LOS ANGELES (AP) _ A small U.S. computer company is launching a daring plan to sell PCs in Japan, introducing a machine it claims offers more features than the home- grown models that dominate the Japanese market.

AST Research Inc., a decade-old Irvine company, planned to unveil its new machine today in Tokyo.

The Dual SX-16 runs programs designed for IBM Corp. PCs and also for machines made by NEC Corp., the Japanese computer giant that dominates its home market much more than IBM does here. NEC has an estimated 70 percent of the Japanese PC market.

''I think it's a bold move on the part of AST,'' said Sam Albert, a 30-year IBM executive who now heads his own computer consulting firm in Scarsdale, N.Y.

PC makers such as AST have multiplied in recent years, and now are struggling to set themselves apart from the rest. ''I've got to believe there's at least 10'' makers such as AST, Albert said.

''It's clear that Compaq and IBM are on the dealers' shelves, and there's only so much shelf space,'' he said. ''The market is getting crowded in the United States and people are looking for other shelves.''

AST, which lost $7.5 million on sales of $457 million last year, believes it can find those shelves in Japan, the world's second-biggest market for PCs.

The company turned profitable again in the last few quarters after selling off its non-PC businesses, and spokesman Joel Don said it is poised to move into Eastern Europe as well as Asia.

A basic NEC computer, with no hard disk, no monitor and a 80386SX microprocessor from Intel Corp., costs about 390,000 yen, or the equivalent of $2,475, Don said.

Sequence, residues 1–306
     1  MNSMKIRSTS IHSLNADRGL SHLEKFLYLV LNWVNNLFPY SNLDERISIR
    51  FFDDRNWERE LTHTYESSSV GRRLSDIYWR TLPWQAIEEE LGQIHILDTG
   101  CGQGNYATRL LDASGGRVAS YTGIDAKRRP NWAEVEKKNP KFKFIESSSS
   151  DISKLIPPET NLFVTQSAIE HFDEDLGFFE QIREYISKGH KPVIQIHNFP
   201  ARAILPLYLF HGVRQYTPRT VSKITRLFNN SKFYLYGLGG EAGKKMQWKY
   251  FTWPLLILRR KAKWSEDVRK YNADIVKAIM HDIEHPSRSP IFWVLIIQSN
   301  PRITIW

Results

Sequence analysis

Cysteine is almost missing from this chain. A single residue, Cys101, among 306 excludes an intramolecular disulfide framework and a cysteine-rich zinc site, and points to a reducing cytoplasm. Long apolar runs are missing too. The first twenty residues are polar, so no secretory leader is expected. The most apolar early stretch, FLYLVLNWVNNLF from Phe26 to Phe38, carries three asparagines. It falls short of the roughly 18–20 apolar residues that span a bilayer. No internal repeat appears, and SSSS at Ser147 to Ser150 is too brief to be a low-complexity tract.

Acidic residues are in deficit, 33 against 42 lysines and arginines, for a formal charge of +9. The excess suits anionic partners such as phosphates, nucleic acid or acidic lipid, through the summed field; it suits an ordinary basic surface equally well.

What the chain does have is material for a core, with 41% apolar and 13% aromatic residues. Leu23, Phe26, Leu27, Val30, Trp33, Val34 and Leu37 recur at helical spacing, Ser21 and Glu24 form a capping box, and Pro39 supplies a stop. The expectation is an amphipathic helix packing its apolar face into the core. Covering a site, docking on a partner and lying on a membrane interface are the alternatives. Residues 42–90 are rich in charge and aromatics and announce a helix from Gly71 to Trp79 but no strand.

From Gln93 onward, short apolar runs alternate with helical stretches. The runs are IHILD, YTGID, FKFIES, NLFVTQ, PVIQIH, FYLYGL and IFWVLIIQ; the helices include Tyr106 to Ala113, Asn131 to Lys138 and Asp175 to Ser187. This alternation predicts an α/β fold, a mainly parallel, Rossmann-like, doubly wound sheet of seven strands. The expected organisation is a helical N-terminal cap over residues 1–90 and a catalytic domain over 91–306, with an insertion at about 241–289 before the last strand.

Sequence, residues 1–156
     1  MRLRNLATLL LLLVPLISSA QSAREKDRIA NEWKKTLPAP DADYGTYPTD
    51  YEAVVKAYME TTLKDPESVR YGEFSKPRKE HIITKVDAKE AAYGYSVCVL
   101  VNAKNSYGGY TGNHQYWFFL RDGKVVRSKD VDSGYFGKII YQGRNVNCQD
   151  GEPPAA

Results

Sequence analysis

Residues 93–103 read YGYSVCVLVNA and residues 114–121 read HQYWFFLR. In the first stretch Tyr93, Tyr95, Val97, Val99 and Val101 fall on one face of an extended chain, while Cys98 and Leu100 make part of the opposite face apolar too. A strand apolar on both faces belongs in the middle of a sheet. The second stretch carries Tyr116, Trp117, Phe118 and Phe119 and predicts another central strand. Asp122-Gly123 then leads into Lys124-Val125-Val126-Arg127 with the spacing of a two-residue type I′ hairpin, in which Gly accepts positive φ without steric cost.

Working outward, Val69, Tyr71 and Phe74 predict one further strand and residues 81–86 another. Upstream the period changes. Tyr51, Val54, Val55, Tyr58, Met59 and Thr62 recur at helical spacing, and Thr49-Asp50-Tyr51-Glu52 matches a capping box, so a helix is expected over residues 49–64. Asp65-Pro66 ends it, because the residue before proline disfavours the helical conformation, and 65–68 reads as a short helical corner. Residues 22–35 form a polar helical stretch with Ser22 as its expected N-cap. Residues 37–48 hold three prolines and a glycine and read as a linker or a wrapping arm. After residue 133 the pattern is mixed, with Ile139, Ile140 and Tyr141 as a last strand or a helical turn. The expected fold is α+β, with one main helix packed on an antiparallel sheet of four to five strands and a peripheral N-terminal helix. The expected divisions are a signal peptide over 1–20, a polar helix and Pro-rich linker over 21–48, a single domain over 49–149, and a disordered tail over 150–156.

A similar NEC ''clone'' computer made by Japan's Seiko Epson Corp. costs 328,000 yen, or about $2,080, Don said.

AST's computer will be priced somewhere in between, but officials said they believed it would still sell well because of its ability to run both the NEC and IBM programs.

''The Japanese cannot say that the product is missing features,'' AST President Safi Qureshey said in a telephone interview. ''It counters the arguments that American companies are lazy, just comfortable with the U.S. market.''

Don said the company probably will build the first machines at its Fountain Valley plant in Southern California, then shift production to Taiwan.

AST teamed with Japan's Kawasaki Steel Corp. and Tomcat Computer Corp. to develop the computer, which will be sold under the brand names of Japanese distributors. AST is negotiating with several potential distributors, including Sharp Corp., Don said.

AST's machine will have a hard time making inroads into NEC's dominion because the Japanese are so loyal to the company, said Tim Bajarin of the Santa Clara-based Creative Strategies International computer consulting firm.

He noted that IBM and Apple already sell computers in Japan, and suggested they might be the ones who lose Japanese market share to AST.

Qureshey and Albert said they believed it likelier that the Epson machines would be the losers.

''My view is that the knockoff will take share away from the other knockoff,'' Albert said.

Qureshey said AST will be happy with just a small chunk of the big Japanese market.

''NEC is so dominant that a small percentage of their share means a lot to a small entrant,'' he said.